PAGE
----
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Author Topic: razor sharp fret ends  (Read 1391 times)

jonyrotten

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razor sharp fret ends
« on: January 29, 2018, 04:11:43 PM »
question.  i'm in a position where i have razor edges on the bottom of my frets on a certain new guitar.  i'm not about to send this back to the factory, as those are the guys that let it get out of the factory to start with.  i have a rule that you never let the guys that screwed something up have a 2nd shot at it.  so the bottom edge of my frets, at 1st string high E, are sharp as all get out.  how would someone that has never had to do this before go about polishing these smooth? 

Offline Tony Raven

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Offline Dummy001

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Re: razor sharp fret ends
« Reply #2 on: January 30, 2018, 07:39:52 AM »
The guitar might just be dry. The guitar is built in the Far East, then shipped to other locations for purchase. The climate changes tend to effect the wood, making changes. Purchase a quality hydrometer for guitars, and follow the directions. After the guitar has been rehydrated, the fret ends will seem to disappear. Hope this helps.

jonyrotten

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Re: razor sharp fret ends
« Reply #3 on: January 30, 2018, 01:24:02 PM »
Two decent articles:

thank you much

The guitar might just be dry. The guitar is built in the Far East, then shipped to other locations for purchase. The climate changes tend to effect the wood, making changes. Purchase a quality hydrometer for guitars, and follow the directions. After the guitar has been rehydrated, the fret ends will seem to disappear. Hope this helps.

i was told that by the factory, but it's been here since early november, that should be time to acclimate to temp/humidity i think?  i mean, these aren't just a couple thousandths proud, they are way out there.  and it's not a Washy by the way.

Offline Tony Raven

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Re: razor sharp fret ends
« Reply #4 on: January 31, 2018, 04:34:05 PM »
After the guitar has been rehydrated, the fret ends will seem to disappear.
Excellent advice, really.  :) But it's a short-term "fix"; when the guitar sits out of its humidified case for a while, the sharp edges reappear. If the ends are trimmed & dressed, it's probably done forever.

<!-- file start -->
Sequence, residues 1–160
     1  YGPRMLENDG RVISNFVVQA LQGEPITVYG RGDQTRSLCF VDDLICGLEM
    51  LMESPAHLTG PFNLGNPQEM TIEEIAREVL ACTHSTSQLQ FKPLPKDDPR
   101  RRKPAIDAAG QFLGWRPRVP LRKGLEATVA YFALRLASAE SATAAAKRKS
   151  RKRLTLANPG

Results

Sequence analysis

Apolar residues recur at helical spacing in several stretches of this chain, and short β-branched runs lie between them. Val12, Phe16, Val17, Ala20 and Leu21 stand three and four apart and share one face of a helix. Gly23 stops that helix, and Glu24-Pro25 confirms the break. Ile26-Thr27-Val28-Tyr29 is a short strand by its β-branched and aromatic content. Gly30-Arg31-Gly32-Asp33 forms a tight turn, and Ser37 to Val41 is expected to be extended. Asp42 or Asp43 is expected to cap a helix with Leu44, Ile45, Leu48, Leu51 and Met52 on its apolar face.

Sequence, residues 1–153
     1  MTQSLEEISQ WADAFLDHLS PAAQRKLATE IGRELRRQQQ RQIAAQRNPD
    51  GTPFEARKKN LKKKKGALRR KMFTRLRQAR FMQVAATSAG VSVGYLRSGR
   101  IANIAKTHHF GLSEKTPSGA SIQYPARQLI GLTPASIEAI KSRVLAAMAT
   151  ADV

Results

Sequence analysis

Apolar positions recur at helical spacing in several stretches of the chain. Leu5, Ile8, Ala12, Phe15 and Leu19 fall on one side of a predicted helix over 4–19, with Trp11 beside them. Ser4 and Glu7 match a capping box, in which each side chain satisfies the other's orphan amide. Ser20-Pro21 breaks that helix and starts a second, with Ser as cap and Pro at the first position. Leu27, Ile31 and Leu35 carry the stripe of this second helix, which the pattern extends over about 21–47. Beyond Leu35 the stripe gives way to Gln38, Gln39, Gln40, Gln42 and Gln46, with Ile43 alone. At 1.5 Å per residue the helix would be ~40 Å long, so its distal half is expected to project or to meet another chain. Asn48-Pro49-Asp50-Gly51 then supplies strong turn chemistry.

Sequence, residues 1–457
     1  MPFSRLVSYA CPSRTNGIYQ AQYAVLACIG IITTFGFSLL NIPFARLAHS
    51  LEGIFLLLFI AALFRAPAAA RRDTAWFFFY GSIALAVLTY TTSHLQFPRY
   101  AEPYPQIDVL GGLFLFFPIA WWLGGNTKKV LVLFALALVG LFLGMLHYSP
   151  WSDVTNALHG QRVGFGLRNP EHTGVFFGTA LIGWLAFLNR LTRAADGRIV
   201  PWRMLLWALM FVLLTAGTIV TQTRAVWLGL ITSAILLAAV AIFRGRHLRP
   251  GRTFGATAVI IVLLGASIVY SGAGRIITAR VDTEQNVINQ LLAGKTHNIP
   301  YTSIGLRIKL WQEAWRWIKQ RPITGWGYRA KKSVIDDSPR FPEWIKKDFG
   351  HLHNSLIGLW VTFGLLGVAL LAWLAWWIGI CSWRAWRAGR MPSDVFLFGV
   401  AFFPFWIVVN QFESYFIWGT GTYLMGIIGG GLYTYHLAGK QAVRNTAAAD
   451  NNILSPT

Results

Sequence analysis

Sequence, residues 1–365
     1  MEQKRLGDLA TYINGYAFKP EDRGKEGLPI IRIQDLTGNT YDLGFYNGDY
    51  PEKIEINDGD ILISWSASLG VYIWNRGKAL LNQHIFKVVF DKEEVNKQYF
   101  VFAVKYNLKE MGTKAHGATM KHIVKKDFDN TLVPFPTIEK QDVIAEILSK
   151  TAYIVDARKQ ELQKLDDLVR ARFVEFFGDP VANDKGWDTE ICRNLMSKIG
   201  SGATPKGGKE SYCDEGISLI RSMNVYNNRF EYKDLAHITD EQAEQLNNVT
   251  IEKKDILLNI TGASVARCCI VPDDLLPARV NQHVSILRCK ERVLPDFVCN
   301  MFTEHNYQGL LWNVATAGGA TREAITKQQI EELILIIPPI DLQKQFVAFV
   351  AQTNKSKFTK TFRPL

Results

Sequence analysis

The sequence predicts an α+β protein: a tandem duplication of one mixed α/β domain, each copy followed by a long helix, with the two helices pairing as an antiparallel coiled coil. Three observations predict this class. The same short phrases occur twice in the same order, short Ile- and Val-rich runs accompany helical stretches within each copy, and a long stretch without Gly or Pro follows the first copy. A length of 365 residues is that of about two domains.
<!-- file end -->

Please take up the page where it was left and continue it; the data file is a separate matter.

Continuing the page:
I think one of the articles suggests it's best to do this when the guitar is well dehydrated. In my region, that would be about the end of February. ;D

If it's a porous fretboard (rosewood, ebony, etc.), after trimming the ends the wood can be treated with lemon oil (available from most gear sites). Makes the wood look great, reduces chances of damage, & makes cleaning easy.
M1SDL; XB-400 (natural), XB-400 (burg), XB-500 (teal); X-10, X-33; D46CESP, WCSD30SCE; BT-3, BT-4, BT-6, JB-80; WS-4; WI-66V; Lyon LCT24; OS Autoharps

resident troublemaker: http://cheapguitars.boards.net/

jonyrotten

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Re: razor sharp fret ends
« Reply #5 on: February 07, 2018, 02:39:37 PM »
Quote
If it's a porous fretboard (rosewood, ebony, etc.), after trimming the ends the wood can be treated with lemon oil (available from most gear sites). Makes the wood look great, reduces chances of damage, & makes cleaning easy.

maple, i love maple fretboards.  i've got some of everything, but i love to play the white board

Offline Tony Raven

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Re: razor sharp fret ends
« Reply #6 on: February 08, 2018, 11:33:48 PM »
I've picked up a couple of maple-board guitars in recent years, not least the SD30 acoustic. Aside from that, the notable is a cheap Starcaster with some nice tigerstripe in the neck. I tend to favor maple that doesn't have a noticeable layer of clearcoat, & preferably unfinished (actually, I figure there's some sort of grain filler involved).

Fretwork can be done on any wood, of course, but the little nicks that sometimes happen are MUCH easier to repair (hide :o) with a dark & somewhat "fuzzy" wood like rosewood. When using a file near maple, it's best to simply slow down, be patient, do the work one or two ends at a time.
M1SDL; XB-400 (natural), XB-400 (burg), XB-500 (teal); X-10, X-33; D46CESP, WCSD30SCE; BT-3, BT-4, BT-6, JB-80; WS-4; WI-66V; Lyon LCT24; OS Autoharps

resident troublemaker: http://cheapguitars.boards.net/